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Peterborough Ontario Canada

Lagotto Romagnolo


I have copied this section from the AKC Standards for Lagotto Romagnolo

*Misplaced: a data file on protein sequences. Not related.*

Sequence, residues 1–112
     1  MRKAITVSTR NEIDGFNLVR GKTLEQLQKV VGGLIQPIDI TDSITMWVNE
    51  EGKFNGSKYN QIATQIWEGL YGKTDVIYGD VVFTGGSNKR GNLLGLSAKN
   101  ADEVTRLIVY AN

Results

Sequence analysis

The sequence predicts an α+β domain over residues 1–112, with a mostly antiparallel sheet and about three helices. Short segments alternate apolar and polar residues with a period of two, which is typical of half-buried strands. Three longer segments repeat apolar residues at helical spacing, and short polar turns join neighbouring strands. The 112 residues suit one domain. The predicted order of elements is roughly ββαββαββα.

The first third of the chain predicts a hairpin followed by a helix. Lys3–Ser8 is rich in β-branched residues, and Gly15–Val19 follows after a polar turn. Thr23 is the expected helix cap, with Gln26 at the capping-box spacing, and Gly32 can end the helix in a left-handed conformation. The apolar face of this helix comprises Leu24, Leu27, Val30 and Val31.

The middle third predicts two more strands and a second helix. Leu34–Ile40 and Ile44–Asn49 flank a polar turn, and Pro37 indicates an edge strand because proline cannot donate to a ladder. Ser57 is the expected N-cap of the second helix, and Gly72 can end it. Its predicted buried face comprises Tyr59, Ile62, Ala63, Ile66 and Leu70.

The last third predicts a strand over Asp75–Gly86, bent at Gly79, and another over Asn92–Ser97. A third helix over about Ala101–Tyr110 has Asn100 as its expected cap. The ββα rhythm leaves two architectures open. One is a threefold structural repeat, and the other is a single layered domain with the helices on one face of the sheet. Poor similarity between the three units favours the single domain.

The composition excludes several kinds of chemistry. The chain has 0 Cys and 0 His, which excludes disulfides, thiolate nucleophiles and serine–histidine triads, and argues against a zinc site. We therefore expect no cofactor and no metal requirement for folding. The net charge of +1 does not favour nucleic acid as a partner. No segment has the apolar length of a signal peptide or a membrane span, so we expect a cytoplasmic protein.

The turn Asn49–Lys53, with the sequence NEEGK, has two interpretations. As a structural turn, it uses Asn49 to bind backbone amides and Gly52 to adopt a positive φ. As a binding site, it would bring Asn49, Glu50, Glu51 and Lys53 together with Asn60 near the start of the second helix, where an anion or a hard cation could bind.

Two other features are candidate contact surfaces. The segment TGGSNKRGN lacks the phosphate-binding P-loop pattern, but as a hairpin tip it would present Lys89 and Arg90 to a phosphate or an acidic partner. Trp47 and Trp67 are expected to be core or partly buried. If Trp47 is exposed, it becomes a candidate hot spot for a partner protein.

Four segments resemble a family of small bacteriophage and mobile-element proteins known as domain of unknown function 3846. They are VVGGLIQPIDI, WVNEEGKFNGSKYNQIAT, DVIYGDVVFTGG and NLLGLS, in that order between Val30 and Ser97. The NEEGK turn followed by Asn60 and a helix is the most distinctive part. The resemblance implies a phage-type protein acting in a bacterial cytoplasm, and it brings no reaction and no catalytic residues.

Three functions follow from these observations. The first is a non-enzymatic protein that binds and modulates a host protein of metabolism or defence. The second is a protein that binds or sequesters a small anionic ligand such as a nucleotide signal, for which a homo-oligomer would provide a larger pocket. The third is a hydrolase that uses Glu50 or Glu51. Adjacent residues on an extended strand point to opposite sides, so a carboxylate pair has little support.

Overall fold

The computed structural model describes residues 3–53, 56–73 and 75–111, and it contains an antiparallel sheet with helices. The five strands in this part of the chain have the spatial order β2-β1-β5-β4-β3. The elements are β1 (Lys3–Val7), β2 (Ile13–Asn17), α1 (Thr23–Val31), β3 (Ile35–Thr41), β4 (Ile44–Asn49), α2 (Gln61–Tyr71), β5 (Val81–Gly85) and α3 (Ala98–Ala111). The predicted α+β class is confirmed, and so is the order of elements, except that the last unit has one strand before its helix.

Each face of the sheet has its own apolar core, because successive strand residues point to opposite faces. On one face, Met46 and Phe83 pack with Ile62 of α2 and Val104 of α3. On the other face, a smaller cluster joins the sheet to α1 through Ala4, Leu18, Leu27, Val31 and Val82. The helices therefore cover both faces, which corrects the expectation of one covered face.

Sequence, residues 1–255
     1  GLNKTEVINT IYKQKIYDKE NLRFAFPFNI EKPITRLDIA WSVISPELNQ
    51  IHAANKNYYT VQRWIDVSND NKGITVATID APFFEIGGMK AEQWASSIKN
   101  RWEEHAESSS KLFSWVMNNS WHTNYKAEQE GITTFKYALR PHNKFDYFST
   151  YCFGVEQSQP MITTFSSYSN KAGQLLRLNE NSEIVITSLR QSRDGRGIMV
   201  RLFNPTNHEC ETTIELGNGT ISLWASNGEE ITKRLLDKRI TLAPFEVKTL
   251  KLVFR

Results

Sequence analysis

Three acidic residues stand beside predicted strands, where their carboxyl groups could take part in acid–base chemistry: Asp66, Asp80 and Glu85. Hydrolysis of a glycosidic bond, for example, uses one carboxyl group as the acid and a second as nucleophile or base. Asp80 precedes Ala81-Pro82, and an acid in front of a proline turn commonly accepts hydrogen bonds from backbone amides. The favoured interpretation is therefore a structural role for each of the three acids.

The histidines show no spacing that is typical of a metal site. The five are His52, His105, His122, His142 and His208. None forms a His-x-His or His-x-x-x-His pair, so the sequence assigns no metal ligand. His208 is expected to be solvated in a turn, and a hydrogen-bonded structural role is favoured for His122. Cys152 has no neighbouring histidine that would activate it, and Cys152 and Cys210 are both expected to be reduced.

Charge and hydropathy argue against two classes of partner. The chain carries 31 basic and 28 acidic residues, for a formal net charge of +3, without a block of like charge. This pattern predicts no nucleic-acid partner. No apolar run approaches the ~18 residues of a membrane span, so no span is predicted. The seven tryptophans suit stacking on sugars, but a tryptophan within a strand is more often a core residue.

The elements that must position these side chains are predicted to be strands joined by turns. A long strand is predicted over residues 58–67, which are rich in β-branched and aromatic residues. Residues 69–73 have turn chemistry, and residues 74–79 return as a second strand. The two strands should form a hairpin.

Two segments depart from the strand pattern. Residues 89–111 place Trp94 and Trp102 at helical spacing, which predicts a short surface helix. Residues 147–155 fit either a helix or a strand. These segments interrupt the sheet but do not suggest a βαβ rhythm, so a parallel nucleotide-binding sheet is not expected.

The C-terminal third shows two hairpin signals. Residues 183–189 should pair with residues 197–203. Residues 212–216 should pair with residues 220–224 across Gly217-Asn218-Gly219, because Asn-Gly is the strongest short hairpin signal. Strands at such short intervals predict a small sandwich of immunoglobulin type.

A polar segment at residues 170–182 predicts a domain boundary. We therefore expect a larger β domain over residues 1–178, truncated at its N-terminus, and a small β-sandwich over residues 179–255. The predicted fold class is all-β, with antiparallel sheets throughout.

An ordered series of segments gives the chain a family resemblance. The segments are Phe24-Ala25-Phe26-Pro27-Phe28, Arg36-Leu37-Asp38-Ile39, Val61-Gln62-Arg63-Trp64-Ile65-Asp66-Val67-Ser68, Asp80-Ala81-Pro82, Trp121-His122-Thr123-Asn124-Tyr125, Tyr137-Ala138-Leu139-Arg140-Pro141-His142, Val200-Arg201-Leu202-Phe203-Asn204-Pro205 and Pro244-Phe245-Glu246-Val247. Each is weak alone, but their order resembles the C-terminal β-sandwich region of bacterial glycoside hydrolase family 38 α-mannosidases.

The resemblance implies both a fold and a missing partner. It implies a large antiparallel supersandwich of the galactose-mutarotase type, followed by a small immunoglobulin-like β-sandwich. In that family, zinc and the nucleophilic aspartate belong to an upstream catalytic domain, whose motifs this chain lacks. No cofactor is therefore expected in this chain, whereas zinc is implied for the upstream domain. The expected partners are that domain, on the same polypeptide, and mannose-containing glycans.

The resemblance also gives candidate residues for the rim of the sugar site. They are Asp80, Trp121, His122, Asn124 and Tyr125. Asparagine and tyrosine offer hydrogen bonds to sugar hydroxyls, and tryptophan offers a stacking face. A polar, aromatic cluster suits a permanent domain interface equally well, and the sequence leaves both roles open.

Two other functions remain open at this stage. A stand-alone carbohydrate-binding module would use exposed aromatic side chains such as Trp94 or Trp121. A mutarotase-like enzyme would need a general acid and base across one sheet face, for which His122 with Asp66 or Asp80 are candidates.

Size - Height at the withers: Dogs 17 to 19 inches, Bitches 16 to 18 inches. Tolerance of ½ inch. Disqualification - Dogs under 16½ inches or over 19½ inches. Bitches under 15½ inches over 18½ inches. Weight - Males 28 to 35 pounds. Females 24 to 31 pounds. Important Proportions - The length of the head is four-tenths of the height at the withers. The dog is nearly as high as long (square). The length of the dog, measured from the sternum to the ischium is nearly the same as the height at the withers. The length of the skull should be slightly more than 50 percent of the total length of the head. The depth of the chest is less than 50 percent (about 44 percent) of the height at the withers. This is copied from the FCI standard Small to medium-sized dog, well proportioned, powerfully built, of a rustic appearance, with a dense, curly coat of woolly texture. The dog should give the impression that he has the strength and endurance to work all day in difficult and challenging terrain.